As for concerns, my biggest is rebounding. OSU is quite small with Dials at 6-9 and 6-8, 215-pound Ivan Harris at power forward. There will be stretches where all five players must go to the defensive glass just to clear the ball. Second- and third-chance opportunities will bear watching.

I am also left to wonder what has happened to junior guard Ricardo Billings. He was the star of his summer league team, but can't seem to get any minutes yet. Maybe that will change as time goes on, but it looks like Foster has swiped some of his minutes so far.

In regards to the schedule, whoever filled this slate out – and I assume it was a combination of the Jim O'Brien staff doing most of it and the new staff just tweaking things at the last minute – probably did the best thing for the program. OSU has some challenging road games (Clemson, Texas Tech and LSU) and a bunch of sure wins on the home schedule. The easiest way to get to 20 wins – especially after two down seasons – is to schedule for it. They have clearly done that with no fewer than eight cupcakes on the home schedule (including the Guardians games).

The Big Ten schedule is a double-edged sword. The beginning is brutal with road games at Illinois, Wisconsin and nonleague foe LSU all by Jan. 15. Ouch. The end also looks tough with a home game with Wisconsin, a visit to Iowa and the home finale with Illinois. The hope has to be that by that time this team will be good enough that it can successfully defend its home court against two of the league's very best teams.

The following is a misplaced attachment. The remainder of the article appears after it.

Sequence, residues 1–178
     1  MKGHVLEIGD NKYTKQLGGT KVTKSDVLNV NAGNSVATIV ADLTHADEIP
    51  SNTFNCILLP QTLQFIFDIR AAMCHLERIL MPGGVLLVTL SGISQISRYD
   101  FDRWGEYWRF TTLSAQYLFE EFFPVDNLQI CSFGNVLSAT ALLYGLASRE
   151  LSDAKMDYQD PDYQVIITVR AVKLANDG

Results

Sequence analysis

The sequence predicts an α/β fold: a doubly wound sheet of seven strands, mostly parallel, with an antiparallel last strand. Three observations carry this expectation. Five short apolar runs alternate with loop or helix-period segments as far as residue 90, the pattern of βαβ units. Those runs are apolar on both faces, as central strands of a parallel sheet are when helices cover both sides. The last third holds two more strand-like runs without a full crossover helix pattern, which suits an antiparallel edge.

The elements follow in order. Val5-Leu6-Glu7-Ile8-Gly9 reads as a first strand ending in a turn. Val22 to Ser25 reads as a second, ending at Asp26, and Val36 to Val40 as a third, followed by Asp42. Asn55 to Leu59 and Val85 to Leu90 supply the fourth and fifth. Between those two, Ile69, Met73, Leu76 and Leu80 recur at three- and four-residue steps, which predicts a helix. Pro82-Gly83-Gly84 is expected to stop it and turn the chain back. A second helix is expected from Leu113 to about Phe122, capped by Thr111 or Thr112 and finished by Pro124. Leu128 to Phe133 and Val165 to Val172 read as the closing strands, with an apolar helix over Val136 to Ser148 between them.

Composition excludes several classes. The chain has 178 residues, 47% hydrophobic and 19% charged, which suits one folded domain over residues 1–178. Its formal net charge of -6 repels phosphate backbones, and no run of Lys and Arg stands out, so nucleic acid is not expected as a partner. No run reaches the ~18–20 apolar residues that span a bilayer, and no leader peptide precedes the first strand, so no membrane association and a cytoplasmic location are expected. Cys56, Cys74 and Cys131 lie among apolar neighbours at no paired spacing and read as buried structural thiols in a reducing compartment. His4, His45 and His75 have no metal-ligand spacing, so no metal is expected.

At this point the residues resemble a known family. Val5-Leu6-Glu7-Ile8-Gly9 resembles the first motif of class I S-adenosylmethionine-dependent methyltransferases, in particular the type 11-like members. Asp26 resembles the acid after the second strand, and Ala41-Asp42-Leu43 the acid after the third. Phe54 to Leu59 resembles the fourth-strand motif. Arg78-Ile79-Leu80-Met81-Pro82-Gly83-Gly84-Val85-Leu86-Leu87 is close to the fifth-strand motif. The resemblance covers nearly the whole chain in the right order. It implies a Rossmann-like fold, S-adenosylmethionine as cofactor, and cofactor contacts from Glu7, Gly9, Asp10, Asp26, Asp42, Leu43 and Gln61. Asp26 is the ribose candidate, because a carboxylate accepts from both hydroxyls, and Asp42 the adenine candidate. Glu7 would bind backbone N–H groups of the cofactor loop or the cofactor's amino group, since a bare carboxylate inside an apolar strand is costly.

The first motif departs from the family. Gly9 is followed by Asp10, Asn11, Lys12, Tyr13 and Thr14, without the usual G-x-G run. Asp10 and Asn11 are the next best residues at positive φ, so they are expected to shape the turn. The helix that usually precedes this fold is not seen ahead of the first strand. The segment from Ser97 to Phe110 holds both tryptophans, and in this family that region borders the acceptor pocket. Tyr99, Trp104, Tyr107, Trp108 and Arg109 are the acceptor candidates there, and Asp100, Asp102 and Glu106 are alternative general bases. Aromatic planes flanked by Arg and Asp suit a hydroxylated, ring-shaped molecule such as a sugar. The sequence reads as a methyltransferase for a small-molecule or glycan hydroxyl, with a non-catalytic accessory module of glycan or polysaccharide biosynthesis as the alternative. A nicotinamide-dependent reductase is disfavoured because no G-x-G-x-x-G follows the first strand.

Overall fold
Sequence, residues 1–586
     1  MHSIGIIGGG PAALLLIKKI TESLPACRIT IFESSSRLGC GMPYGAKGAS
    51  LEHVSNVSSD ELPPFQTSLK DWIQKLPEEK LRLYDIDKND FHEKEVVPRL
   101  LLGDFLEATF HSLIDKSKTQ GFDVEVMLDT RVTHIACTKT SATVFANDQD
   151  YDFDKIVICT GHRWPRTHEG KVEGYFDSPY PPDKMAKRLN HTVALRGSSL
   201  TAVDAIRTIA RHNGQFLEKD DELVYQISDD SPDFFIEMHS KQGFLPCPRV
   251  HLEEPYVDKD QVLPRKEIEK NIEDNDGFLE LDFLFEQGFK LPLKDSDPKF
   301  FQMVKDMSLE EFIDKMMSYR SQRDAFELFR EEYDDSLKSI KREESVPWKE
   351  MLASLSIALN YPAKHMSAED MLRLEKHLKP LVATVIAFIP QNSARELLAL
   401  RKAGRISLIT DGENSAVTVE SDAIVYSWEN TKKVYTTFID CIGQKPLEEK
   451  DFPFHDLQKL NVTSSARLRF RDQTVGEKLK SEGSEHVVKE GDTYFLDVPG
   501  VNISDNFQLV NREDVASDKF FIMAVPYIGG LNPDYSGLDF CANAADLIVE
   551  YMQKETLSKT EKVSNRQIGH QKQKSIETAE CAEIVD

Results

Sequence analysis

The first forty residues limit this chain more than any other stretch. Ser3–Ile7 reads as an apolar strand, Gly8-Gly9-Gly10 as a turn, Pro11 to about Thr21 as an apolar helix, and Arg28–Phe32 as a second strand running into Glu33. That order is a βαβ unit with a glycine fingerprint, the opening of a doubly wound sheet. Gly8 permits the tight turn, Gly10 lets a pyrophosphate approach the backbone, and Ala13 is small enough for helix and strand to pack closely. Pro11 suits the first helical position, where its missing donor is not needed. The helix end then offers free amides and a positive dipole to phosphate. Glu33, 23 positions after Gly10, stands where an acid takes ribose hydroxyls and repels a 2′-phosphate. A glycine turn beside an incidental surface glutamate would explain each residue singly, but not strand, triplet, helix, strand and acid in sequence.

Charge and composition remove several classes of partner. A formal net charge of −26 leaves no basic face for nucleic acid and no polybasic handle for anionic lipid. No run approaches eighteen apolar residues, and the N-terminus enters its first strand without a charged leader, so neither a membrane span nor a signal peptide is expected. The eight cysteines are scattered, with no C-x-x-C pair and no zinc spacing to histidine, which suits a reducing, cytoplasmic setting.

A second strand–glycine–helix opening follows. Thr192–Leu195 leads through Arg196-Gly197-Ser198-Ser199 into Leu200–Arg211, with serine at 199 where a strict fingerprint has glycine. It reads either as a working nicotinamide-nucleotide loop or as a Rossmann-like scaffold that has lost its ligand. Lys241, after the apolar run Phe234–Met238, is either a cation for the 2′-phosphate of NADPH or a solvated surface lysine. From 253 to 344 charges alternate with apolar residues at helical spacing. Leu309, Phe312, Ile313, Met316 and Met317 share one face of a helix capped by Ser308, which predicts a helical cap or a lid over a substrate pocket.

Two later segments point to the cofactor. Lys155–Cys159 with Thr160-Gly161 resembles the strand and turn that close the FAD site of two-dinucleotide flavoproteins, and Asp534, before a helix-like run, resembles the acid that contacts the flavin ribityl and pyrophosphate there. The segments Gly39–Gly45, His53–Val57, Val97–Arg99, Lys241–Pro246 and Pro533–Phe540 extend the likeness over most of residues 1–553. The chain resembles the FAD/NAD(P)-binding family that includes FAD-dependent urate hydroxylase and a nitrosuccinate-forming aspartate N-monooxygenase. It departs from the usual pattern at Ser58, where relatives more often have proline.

I don't think Matta's presence can be understated here, either. The man is a certified winner, reaching the NCAA Tournament in each of his first four seasons as a college head coach. He came within a basket or two of making the Final Four at Xavier last spring.

Whether Matta has enough magic tricks to help OSU end its two-year NCAA drought remains to be seen. From what I can see, he will be coaching this team all the way through. (Translation: They will be part of March Madness or they'll die trying.)

The following is my game-by-game look at the upcoming season, broken down into four categories and listed chronologically within those categories (all games home, unless noted).

Layups (12)

* Towson, Nov. 15 -- I think OSU will win this game 74-53 (ha ha).

* Robert Morris, Nov. 16 -- This is actually one of the most important games of the year when you consider that a win assures OSU of two more games next week in Kansas City. RMU looks to improve on last year's 14-15 mark behind Chaz McCrommon and Maurice Carter.